It was a local joint. The young guy behind the register was the son of the owner and he welcomed every guest with a “Hey Gus” or a “Morning Dan, the usual for ya?” I sat at the counter and ordered my usual, an omelette and coffee, and listened to the guys around me banter about seed trucks and tax breaks and the terrible Sonoma fire.
Back at the hotel I showered, put on some nice clothes (I always dress up for my personal retreats,) went down to the lobby and dove in, starting on page 1 and going through the book bit by bit, filling in more gaps, writing new sections, moving text around. I pulled in writing I’ve already published on Medium and found drafts of writing I did in Evernote but never published. I discovered that my interest in this project actually goes back two years. The timestamps on the Evernote drafts of topics I’d also outlined in my Google Docs manuscript shocked me.
Have I really been thinking about doing this for over two years? Hey, time flies. Copy, paste, edit. That was a nice way to get a jump on 500 words.
I crossed 20,000 words and sat at the bar for lunch. I gave my hands and eyes a rest and didn’t multi-task. The tuna nicoise salad was excellent and I set another goal for myself: 25,000 words before dinner. This would be a push and commitment to writing 1K words per hour for five hours straight.
I went back to one of the leather couches by the huge lobby fireplace and continued where I left off before lunch.
I found that I don’t have the same stamina for writing words that I do for writing code. I can regularly get in the flow for 2–3 hours when coding. The time just goes. When I’m writing I need to take breaks about every hour. In the course of the entire retreat, I think I only did one two-hour stretch of writing. At some point, around the thousandth word, I hit a little wall. I have to stand up, stretch, and walk around.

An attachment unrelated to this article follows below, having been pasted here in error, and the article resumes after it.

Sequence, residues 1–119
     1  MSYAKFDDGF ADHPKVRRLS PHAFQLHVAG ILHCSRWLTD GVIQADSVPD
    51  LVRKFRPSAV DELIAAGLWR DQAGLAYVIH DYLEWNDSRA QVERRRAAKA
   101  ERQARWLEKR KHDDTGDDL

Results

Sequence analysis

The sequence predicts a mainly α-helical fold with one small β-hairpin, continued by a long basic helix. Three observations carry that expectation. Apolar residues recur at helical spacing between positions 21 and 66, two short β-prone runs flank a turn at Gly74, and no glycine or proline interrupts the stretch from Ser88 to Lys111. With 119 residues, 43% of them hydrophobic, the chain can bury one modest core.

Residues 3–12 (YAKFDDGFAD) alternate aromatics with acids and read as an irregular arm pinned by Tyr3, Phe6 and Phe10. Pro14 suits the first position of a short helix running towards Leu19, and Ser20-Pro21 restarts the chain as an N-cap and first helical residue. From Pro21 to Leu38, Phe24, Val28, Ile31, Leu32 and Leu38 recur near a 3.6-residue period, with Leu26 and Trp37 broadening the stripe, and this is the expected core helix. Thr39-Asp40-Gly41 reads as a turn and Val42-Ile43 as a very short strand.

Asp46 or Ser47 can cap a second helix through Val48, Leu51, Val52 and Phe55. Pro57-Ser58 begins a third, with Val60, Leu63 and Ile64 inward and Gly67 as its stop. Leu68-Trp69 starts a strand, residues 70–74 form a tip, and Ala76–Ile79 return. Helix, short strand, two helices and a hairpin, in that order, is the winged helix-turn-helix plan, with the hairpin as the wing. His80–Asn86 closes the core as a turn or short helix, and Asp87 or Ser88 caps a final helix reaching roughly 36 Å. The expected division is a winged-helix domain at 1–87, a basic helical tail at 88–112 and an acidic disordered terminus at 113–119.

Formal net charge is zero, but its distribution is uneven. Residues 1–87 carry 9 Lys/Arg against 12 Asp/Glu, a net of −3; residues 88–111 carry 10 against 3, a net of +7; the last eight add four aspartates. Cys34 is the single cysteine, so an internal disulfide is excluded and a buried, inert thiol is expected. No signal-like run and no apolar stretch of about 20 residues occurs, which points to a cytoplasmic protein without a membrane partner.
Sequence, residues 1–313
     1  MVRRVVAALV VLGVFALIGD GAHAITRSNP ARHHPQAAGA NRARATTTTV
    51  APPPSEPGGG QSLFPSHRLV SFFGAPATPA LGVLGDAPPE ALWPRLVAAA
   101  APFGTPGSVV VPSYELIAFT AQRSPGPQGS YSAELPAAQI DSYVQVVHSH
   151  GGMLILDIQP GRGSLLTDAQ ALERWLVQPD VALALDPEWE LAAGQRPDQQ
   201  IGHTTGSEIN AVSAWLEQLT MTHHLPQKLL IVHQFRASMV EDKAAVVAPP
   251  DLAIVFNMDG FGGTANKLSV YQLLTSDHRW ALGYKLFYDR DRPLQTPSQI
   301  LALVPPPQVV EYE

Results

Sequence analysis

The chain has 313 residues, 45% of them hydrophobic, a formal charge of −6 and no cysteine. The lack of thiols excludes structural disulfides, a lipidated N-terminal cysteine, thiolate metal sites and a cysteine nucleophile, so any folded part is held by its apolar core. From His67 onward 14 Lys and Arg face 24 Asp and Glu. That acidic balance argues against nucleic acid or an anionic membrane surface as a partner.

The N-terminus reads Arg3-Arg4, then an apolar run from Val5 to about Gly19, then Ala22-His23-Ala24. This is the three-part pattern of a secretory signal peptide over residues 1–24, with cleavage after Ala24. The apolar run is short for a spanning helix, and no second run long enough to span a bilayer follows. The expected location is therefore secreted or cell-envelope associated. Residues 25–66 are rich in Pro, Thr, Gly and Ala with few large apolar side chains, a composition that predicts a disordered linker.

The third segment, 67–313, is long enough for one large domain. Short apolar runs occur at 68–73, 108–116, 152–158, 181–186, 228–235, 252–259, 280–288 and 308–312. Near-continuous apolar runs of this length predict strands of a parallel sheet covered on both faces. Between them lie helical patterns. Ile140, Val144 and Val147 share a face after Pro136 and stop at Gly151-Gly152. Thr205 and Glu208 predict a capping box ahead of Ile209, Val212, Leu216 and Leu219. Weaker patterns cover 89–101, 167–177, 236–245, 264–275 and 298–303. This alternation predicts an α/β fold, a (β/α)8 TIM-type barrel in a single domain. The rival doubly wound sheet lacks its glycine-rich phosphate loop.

In those walks I’d recall what it’s like to run a marathon. If you can get to the second half, you can be pretty certain that you’ll finish. Then you hit that infamous wall around mile 20 and it takes a lot of fortitude to knock out the last six miles.
Writing a book is like that too. I committed to finishing it at this retreat because I’d already written the first 13,000 words. I’d done a writing half-marathon. And true to form, the distance between the 20,000th and 25,000th word was difficult. I checked the word count often, too often, between my lunch and dinner targets. I was dying to get to 25,000 words. And then I did it.
Around the corner from the Fairmont, in the opposite direction of the breakfast diner, is a BBQ joint. I recalled driving by it on the way here and took note. I didn’t feel like eating alone at the hotel restaurant and ribs and brisket and heavy ale sounded perfect.
I’d just finished a marathon, after all.
After dinner, on my walk back to the Fairmont, I got a crazy idea. It was about 6pm. Could I get to 30,000 words before midnight? Should I push and do it?
It bothered me that I still wasn’t done with every section of the book. The hardest parts were done, the sections with fewest notes, the lightest outlines. I knocked them out. The remaining sections were easy, even fun for me to write. I had good notes. It was running still but it was running on a slight downhill grade surrounded by shady oaks.
Okay, I said. Let’s do it. I had another Red Bull in the refrigerator at the hotel, poured it over ice, and headed back to the lobby. I wanted the sound of the other hotel guests to keep me energized. And it did.
At 10:50pm they did last call at the bar. I ordered a Manhattan and by the time it arrived I’d crossed the 30,000 word threshold.
I cheers’d my screen and took a picture.
Day 2: Retreat from the retreat
The fire log lit earlier this morning is almost out. I’m still in the bathrobe I put on, meaning to go down the mineral pools and soak it all in. Then I was going to eat at the hotel restaurant, ignoring the price of their $28 omelettes, letting myself splurge.
Instead, I wrote another 1700 words. Go figure. It’s probably too late to hit the pools and make it back in time for breakfast.
But alas my hour is up. I need to walk around, stretch, give my head a rest.
There will be more to write later.
2 thoughts on “I wrote 17K words in just two days”
[…] entrepreneurial retreat and also about this particular focused writing vacation where I wrote 17,000 words in two days. I’m proud of the effort and I’m also proud of the book. Here’s the quote from […]
[…] this short essay, I wrote about my book-writing process. I took a really relaxing 3-day, 2-night writing retreat in […]